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Cultural Scope

Before we can appreciate another culture, we must first understand our own. Only then, can we see and gain understanding of the differences,” A.M. Bonner.

To better understand your own culture, ask if you value individualism or collectivism. If you live in such countries as the United States, Germany, Ireland, South Africa, or Australia, you probably value individualism. On the other hand, if you live in such countries as Saudi Arabia, Korea, Japan, or Indonesia, you probably value and perceive life from a collective stance.

In the United States, Individualism is the cultural climate. It is a belief that every person is unique and should be for him or herself. Each individual is free to chose his or her own destiny. Children are reared to be independent. The acceptable norm is for young adults to move out of the family home by the age of eighteen or twenty-one. They either go off to university, go into the military, or get a job. Either way, they are to make their own way in life. Technically, their parents are no longer obligated to provide for them because they are deemed “adults.”

The film, Failure to Launch, reinforces the belief of Individualism. In the film, a thirty-something does not want to leave his parents home. He feels very comfortable because his mom cooks and cleans for him, and his dad pays all the bills. So, no responsibility falls on him. Naturally, his parents feel they have done something wrong because he does not want to move out. They find it odd that he’s still living with them because this is not the cultural norm.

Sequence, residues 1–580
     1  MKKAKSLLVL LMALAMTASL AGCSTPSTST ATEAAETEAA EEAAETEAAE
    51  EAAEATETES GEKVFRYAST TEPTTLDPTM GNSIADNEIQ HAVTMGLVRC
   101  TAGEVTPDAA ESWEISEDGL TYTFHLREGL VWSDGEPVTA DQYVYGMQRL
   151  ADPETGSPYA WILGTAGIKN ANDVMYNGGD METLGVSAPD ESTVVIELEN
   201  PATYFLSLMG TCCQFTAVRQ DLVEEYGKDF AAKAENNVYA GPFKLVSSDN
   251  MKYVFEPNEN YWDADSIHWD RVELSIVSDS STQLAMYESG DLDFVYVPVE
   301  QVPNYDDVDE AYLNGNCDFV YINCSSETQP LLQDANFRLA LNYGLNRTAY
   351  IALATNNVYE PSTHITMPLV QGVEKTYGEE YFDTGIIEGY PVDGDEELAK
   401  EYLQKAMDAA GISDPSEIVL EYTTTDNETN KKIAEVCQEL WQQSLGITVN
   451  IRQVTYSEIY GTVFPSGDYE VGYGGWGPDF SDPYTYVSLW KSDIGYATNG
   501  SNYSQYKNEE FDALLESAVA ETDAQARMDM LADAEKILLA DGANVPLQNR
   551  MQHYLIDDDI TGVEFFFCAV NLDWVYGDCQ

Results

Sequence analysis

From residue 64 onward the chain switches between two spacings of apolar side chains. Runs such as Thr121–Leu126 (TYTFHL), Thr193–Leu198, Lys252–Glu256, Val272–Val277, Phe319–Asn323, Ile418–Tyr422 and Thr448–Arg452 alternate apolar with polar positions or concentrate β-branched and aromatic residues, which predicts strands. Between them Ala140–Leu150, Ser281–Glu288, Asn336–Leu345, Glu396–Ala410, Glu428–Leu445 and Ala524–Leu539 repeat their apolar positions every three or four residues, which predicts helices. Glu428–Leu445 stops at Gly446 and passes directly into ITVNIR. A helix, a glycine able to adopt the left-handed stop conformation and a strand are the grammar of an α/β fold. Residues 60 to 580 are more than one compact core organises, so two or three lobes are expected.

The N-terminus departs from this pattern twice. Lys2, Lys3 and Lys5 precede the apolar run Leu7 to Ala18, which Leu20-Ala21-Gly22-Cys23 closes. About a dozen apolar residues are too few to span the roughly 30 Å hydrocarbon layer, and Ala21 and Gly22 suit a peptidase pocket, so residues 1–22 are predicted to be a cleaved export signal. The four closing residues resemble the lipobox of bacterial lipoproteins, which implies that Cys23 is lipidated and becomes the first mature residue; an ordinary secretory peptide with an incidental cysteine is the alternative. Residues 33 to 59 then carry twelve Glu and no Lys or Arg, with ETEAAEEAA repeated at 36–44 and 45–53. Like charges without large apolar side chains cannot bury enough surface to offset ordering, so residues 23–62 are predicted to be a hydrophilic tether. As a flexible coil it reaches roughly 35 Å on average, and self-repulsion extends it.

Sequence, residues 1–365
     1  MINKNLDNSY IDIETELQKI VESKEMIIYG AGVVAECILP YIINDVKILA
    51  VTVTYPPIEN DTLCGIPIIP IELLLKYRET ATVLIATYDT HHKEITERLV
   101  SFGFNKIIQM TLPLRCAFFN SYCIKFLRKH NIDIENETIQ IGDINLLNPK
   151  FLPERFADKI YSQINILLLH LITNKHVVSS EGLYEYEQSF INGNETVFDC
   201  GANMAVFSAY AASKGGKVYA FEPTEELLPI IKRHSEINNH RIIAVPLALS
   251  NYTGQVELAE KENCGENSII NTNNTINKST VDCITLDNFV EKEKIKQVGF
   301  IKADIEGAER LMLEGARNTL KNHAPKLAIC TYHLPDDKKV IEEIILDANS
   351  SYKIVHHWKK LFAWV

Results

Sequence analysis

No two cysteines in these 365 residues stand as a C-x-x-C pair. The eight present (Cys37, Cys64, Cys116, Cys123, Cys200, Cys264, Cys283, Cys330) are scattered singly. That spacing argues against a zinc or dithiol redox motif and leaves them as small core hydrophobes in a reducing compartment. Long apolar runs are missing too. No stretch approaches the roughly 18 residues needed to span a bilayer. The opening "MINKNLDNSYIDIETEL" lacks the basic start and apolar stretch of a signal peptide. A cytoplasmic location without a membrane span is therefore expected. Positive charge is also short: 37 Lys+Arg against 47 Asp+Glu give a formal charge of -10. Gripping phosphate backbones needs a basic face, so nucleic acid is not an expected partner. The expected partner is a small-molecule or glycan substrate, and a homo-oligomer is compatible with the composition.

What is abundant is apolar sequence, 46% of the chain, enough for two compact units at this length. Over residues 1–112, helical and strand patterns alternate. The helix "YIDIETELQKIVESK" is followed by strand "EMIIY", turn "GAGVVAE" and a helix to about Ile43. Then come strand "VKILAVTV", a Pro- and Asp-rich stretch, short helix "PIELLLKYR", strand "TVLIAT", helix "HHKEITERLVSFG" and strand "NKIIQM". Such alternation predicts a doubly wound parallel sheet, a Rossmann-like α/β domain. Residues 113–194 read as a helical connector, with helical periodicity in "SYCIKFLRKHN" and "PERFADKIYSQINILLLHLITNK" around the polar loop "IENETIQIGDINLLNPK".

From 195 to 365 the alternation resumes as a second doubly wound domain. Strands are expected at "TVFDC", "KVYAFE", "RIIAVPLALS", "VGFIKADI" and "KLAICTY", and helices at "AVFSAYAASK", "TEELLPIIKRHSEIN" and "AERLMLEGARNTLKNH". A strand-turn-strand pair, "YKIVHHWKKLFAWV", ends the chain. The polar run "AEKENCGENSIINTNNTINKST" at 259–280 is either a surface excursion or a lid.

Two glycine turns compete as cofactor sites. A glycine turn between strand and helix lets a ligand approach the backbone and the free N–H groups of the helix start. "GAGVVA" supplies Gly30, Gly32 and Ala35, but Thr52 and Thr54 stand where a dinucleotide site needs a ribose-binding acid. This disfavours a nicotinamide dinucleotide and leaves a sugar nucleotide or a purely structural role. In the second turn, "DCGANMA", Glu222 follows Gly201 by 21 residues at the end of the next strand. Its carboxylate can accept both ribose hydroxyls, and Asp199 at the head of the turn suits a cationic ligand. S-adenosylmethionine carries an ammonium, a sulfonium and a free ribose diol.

In some other cultures, however, that thirty-something would not appear odd for not wanting to leave his parents or family home. It would be the norm for him to stay. In such cultures, a different perception is taken–one of collectivism. In a collective society, such as that of Arabia, children are expected to grow and remain in the family. It is not peculiar for a son to marry, and for he and his wife to share a flat in the family home or compound.

In a collective society, it is no longer about the individual, but rather, the family or the tribe. This type of mindset stems from the need to survive under harsh and perilous conditions. That is, the bigger one’s tribe the better to fend off other rivals, particularly, when food and water are at a prime. In order to survive, the tribe must stick together. Thus, the mentality of “I’m unique; I’m the captain of my fate” could not coincide with making the tribe flourish because each individual would be doing his or her own thing rather than what’s good for the collective whole.

In order to promote the collective whole, all members of the group share a common identity. This can be through language, beliefs, values, and dress. Through the shared identity, a sense of belonging to the group is created. The perception becomes “I am one of you, so what’s good for you is good for me,” so to speak. In feeling that one belongs not only promotes a bond but also loyalty and allegiance.

For instance, in Saudi Arabia, the shared identity is through language–Arabic, religion–Islam, dress, and values. In a theocratic society, that is, a society governed by religion, such as that of Saudi Arabia, Islam shapes the code of living through the Hadites.

A common thread interwoven in Arabian culture is for men to wear a dishdasha (the long, white tunic) and women to wear an abaya (the long, black cloak). As white and black are opposites, and opposites attract, Arab men find the black abaya not only alluring but also a symbol of respect, beauty, and mystique.

In contrast, Individualism encourages one to create one’s own identity and to carve one’s own niche. Thus, no shared identity comes into play, as it does in a collective society. People are free to dress as they like and do what is good for them.


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